To: President Donald Trump, Terry Stewart, The Maryland State House, The Maryland State Senate, Governor Larry Hogan, The United States House of Representatives, and The United States Senate
Chuck Brown "The Godfather of GoGo" For Rock & Roll Hall Of Fame
Chuck Brown was born on August 22, 1936, in Gaston, North Carolina. He was a guitarist and singer who is affectionately called "the Godfather of go-go." Go-go is a subgenre of funk music developed in and around Washington, D.C., in the mid- and late-1970s. While go-go's musical classification, influences, and origins are debated, Brown is regarded as the fundamental force behind the creation of go-go music. Brown was considered a local legend in Washington, D.C., and appeared in television advertisements for the Washington Post and other area companies. The D.C. Lottery's "Rolling Cash 5" ad campaign features Chuck Brown singing his 2007 song "The Party Roll" in front of various D.C. city landmarks, such as Ben's Chili Bowl.
Brown was the subject of "Chuck Brown's Long Dance," the cover article in the Washington Post Magazine on October 4, 2009. He received his first Grammy Award nomination in 2010 for Best R&B Performance By A Duo Or Group With Vocals for "Love" (with Jill Scott and Marcus Miller), from the album We Got This.
In 2009, the 1900 block of 7th Street NW, in Northwest Washington, D.C., between Florida Avenue and T Street was renamed "Chuck Brown Way" in his honor.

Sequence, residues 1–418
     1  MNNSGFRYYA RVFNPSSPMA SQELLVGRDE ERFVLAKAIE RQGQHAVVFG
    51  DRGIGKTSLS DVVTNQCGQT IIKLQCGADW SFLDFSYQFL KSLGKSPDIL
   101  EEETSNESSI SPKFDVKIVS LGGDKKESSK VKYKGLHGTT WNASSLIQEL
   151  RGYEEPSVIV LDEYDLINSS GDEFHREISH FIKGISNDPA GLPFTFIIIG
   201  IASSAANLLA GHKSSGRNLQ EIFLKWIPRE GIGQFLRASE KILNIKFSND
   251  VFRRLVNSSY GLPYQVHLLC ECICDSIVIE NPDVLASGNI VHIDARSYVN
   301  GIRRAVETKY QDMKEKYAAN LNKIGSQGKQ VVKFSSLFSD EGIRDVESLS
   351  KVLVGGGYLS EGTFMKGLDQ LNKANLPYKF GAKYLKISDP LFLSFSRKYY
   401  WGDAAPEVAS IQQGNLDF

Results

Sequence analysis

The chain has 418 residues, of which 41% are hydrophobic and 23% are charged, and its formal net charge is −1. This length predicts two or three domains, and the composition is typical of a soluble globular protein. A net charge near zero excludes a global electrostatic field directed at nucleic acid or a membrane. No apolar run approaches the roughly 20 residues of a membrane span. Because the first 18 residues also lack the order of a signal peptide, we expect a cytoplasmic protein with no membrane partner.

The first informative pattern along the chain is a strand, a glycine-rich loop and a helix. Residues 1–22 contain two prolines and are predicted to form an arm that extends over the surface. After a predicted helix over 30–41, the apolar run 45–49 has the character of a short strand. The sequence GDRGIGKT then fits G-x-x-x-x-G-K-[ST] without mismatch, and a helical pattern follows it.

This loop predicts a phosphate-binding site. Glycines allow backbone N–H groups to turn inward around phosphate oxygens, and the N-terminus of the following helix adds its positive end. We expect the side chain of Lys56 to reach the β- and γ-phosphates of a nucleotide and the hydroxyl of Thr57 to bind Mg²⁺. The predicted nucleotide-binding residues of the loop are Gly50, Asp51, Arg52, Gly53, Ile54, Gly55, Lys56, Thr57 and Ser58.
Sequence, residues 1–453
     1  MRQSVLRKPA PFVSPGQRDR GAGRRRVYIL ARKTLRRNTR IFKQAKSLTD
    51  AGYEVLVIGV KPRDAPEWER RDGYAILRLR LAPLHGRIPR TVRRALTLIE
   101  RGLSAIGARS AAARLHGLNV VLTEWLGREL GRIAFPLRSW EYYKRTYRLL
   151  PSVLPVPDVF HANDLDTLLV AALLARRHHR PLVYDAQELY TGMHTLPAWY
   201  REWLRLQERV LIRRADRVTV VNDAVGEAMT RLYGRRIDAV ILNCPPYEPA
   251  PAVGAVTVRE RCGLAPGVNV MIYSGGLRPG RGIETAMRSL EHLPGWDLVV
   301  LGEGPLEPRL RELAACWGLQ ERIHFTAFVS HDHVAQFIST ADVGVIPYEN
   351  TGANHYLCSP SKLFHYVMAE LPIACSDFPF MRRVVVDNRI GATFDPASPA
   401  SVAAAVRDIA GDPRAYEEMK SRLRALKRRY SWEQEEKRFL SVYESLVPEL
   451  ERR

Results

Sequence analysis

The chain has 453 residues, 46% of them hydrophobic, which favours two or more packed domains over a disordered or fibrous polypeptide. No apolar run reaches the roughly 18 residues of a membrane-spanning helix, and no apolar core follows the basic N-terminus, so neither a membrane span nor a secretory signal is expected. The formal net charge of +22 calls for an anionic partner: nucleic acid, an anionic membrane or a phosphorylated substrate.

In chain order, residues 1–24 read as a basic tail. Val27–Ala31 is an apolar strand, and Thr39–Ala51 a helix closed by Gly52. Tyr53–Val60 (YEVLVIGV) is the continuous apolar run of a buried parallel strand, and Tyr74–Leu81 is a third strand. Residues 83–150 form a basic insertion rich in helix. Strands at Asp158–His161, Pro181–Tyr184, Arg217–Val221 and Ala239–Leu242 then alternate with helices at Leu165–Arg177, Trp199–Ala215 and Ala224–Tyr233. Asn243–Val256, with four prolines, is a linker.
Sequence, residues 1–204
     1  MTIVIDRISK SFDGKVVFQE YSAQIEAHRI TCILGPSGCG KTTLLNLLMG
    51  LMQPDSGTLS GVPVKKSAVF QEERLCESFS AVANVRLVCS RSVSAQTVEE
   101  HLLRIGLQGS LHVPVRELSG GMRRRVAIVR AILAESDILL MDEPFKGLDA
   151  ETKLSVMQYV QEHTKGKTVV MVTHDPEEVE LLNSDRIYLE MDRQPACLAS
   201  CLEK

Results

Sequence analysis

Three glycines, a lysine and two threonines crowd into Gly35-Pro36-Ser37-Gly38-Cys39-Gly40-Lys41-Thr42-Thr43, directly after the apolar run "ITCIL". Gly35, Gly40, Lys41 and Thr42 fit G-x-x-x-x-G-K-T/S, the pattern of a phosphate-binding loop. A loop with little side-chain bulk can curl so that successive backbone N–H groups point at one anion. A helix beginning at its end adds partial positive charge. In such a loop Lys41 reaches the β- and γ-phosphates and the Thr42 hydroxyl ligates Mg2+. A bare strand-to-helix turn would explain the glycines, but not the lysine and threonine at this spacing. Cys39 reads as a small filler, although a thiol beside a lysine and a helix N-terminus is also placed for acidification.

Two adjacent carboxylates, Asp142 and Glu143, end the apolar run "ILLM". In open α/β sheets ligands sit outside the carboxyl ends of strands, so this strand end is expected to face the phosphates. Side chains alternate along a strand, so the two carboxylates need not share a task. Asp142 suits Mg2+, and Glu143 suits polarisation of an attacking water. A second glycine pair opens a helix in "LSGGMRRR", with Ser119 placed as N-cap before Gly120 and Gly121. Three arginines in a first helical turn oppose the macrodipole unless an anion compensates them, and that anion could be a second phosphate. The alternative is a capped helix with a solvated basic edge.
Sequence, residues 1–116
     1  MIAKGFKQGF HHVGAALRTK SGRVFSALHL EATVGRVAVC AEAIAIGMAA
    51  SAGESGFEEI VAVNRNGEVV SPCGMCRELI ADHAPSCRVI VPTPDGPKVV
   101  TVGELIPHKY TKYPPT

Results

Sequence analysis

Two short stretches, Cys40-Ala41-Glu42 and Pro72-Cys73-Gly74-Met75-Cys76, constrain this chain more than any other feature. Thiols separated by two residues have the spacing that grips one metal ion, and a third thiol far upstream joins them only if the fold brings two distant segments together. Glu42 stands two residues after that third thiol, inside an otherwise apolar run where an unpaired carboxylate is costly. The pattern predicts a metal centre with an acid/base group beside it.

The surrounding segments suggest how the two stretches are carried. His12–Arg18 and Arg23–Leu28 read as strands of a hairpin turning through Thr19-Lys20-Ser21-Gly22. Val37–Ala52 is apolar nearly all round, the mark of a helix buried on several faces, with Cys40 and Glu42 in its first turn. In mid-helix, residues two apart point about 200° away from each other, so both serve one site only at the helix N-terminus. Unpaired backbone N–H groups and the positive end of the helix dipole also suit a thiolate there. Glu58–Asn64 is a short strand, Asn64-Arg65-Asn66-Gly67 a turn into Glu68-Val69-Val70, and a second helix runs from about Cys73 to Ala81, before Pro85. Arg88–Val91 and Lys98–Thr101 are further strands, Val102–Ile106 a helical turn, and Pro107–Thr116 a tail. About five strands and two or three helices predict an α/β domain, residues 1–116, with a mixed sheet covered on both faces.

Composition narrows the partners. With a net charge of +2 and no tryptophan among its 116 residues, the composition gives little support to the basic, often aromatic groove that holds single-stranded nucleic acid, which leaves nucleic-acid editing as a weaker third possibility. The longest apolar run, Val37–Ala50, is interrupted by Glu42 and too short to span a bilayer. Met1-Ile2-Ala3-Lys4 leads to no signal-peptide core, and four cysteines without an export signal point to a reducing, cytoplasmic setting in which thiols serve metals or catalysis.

On September 4, 2011, Brown was honored with a free concert on the West Lawn of the Capitol by the National Symphony Orchestra, as the NSO paid tribute in its Legends of Washington Music Labor Day concert featuring Brown's music, as well as Duke Ellington's and John Philip Sousa's. Brown and his band capped off the evening with a performance.
Brown's musical career began in the 1960s playing guitar with Jerry Butler and The Earls of Rhythm, joining Los Latinos in 1965. At the time of his death, he was still performing music and was well known in the Washington, D.C., area. Brown's early hits include "I Need Some Money" and "Bustin' Loose." "Bustin' Loose" has been adopted by the Washington Nationals baseball team as its home-run celebration song and was interpolated by Nelly for his 2002 number-one hit "Hot in Here." Brown also recorded go-go covers of early jazz and blues songs, such as "Go-Go Swing," Duke Ellington's "It Don't Mean a Thing If It Ain't Got That Swing," "Moody's Mood for Love," Johnny Mercer's "Midnight Sun," Louis Jordan's "Run Joe," and T-Bone Walker's "Stormy Monday."
He influenced other go-go bands, such as Big G and The Backyard Band, Rare Essence, Experience Unlimited (EU), Little Benny and the Masters, and Trouble Funk.
The song "Ashley's Roachclip" from the Soul Searchers' 1974 album Salt of the Earth contains a famous drum break, sampled countless times in various other tracks.
In the mid-1990s, he performed the theme music of Fox's sitcom The Sinbad Show which later aired on The Family Channel and Disney Channel. Sadly, Chuck Brown died of multiple organ failure (including heart failure or heart problems) on Wednesday, May 16, 2012, at Baltimore's Johns Hopkins Hospital. He was 75 years old. Several weeks prior to his death, he had postponed and canceled shows due to hospitalization for pneumonia.
Because of his decades of musical influence and his dedication to music for over 30 years, Chuck Brown should be inducted into the Rock & Roll Hall of Fame.
Why is this important?
Chuck Brown is the Godfather of go-go. He not only created his own style of music for DC, but for the world! Chuck Brown's music has been sampled by artists like Nelly in his smash summer hit "Hot in Here." After decades of providing the world with music, Mr. Brown has passed. This is why Chuck Brown needs to be considered and placed in the Rock & Roll Hall of Fame.